Wednesday, April 18, 2012

CTO Salary and Equity Trends 2009-2011

Todd Gitlin of Safire Partners - a go to resource here in LA for recruiting C-level positions at startups - was nice enough to compile some data again this year (see last year's Startup CTO Salary and Equity Data and Equity for Early Employees in Early Stage ). Even better, my good friend and data visualization guru Steve Wexler of Data Revelations was able to create visualizations of the data.

Here's a live version of the data and below it is a bit of analysis of the trends.

I'm showing snapshots below. I would be very curious to get reactions to what people find in the live data.

CTO Salary and Equity Comparison

My guess is that most people who come here are going to be Founders, CEOs and CTOs who want to compare salary and equity of the CTO Position in their organization vs. their peers. Or they are looking at Hiring a CTO and want to see what salary and equity ranges look like.
Well the easiest visualization to use is to go to the Benchmarks Tab.
You then make selections around aspects like Founder Status, Job Title, Headcount, Revenue, Development Stage, Capital Raised, Funding Round, etc. If you get too specific, then the counts will get very small and may not be the best comparison. You can also enter salary and equity data to see where you stand.
As was pointed out in last year's post, generally there's as companies get older, have more funding, revenue, headcount, maturity:
  • Salaries go up
  • Equity percentage goes down

Trend #1 - Sizable Salary Increases

I've been talking for a while about the increasing demand for CTOs the past few years and a similar challenge in finding developers in Los Angeles. What I had not realized is that this had translated into escalating salaries for CTOs and VP Engineering. I was expecting that over the past few years, the pressure on VCs maybe had translated into lower salaries. It has not.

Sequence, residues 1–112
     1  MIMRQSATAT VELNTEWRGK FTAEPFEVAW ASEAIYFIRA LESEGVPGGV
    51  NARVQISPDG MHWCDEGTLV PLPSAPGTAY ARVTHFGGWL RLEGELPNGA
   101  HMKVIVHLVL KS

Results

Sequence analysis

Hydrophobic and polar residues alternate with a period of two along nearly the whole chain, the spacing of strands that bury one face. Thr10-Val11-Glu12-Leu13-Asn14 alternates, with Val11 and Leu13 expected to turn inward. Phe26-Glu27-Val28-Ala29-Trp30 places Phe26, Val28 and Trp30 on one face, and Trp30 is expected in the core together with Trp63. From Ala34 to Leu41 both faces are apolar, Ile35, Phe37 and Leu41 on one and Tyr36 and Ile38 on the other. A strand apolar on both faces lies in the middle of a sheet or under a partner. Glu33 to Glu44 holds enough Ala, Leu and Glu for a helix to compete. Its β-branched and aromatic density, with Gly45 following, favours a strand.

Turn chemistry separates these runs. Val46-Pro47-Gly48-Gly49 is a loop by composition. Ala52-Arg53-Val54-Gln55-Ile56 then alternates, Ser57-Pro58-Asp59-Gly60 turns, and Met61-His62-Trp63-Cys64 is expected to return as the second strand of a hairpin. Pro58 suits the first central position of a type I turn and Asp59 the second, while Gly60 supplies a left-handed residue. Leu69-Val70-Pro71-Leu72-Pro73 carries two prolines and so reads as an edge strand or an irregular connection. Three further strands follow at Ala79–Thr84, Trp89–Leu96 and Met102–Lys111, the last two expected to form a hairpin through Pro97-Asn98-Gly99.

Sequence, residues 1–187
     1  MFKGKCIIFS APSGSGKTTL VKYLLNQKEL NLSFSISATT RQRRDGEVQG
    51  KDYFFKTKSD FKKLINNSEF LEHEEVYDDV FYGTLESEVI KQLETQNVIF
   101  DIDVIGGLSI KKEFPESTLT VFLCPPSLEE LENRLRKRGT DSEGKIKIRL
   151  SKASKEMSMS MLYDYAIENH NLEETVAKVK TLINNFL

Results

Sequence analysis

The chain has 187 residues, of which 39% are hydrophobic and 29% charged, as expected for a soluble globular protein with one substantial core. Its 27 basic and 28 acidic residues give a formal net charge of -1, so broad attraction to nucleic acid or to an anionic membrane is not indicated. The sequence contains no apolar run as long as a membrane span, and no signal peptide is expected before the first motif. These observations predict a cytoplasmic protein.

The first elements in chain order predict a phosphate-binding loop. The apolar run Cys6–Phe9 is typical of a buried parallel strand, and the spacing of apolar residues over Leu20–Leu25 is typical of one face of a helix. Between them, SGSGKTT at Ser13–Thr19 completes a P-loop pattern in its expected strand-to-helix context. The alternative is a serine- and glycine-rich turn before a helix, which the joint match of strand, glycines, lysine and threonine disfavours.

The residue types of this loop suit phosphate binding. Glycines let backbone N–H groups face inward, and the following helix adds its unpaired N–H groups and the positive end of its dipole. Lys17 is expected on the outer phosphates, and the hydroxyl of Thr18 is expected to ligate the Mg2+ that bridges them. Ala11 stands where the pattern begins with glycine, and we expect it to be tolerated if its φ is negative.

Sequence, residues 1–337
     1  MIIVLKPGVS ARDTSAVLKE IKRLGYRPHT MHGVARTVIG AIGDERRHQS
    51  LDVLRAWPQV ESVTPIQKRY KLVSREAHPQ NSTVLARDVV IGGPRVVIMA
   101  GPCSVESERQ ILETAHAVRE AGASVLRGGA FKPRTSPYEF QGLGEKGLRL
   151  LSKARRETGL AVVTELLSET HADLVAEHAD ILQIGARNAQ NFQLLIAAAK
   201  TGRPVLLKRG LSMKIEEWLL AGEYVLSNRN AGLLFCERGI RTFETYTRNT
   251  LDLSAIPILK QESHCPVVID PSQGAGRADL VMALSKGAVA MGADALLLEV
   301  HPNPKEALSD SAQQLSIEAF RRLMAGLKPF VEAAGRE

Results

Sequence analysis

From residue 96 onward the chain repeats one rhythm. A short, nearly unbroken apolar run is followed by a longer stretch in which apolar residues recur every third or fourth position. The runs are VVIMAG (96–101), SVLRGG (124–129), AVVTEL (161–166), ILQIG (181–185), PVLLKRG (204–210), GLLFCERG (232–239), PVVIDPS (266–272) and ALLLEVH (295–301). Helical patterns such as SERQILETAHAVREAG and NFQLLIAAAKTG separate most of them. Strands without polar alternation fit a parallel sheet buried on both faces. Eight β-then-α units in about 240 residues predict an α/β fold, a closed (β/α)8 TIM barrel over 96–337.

I tried slicing this a few different ways, but in virtually every case the trend is clear. CTO salaries are escalating quickly.

Trend #2 - Early Stage Companies Lower Salary and Higher Equity (for Founder CTOs)

The one exception to Trend #1 seems to be for Startup CTOs at earlier stage companies. If you look at the year-over-year trends from 2009-2011 for companies that have raised less than $10M:

and another chart that is only startups with Seed or Series A according to development stage:

To me this is a very interesting set of trends that I would not have guessed without seeing the data.
Anyone else a little surprised? Or seeing something else that's interesting?

Monday, April 2, 2012

Hiring Developers Before Product/Market Fit?

Using my StartupRoar as a radar, I came across a great post by Gabriel Weinberg Do you really need a full-time hire for that?

Hiring seems to be the preferred use of seed funds (by investors and founders), whereas I'd prefer a focus on customer acquisition.


The problem is you don't yet have product/market fit, and until you do, you don't really know what to build. And that should be the focus of the founders -- to find the special fit that will make your company take off. When product vision is truly clear, then it makes sense to execute it, and hiring follows.

In the mean time, if you need some extra help, get some contractors to test out specific things. You may end up hiring these people eventually and you'll know more about them when you do.

I'm not sure I'd carry the argument quite as far as Gabriel does, but I completely agree with his central premise.  When I talk with early-stage companies, often the discussion starts with them asking me about Hiring a CTO for Your Startup, or  Finding a Technical Cofounder for Your Startup or How to Find Programmers for Your Startup.  In other words, they come in asking for help with sourcing and hiring.  These companies are very early-stage and definitely have not shown product/market fit.  Far from it.

In many cases, during my Free Startup CTO Consulting Session with them, we discuss where they are in in the process.  They are very early.  They need to determine product/market fit.  They need to conserve cash.


The startup founder is definitely not ready to hire a CTO.  And in most cases they are not ready to hire developers either.

Instead, what they should be considering is how to bridge the  Startup Founder Developer Gap and exactly what they need in terms of Startup CTO or Developer.

They most often really just need either a Part-Time CTO or Technology Advisor, and then some combination of hiring and/or outsourcing (on-shore or off-shore).  The Part-Time CTO or Technology Advisor will be able to help make that determination.

Of course, there's still hard work to be done to as the bad news is that its hard finding good Web Development in Los Angeles and certainly its tough  Finding Developers Here in Los Angeles

Great post Gabriel!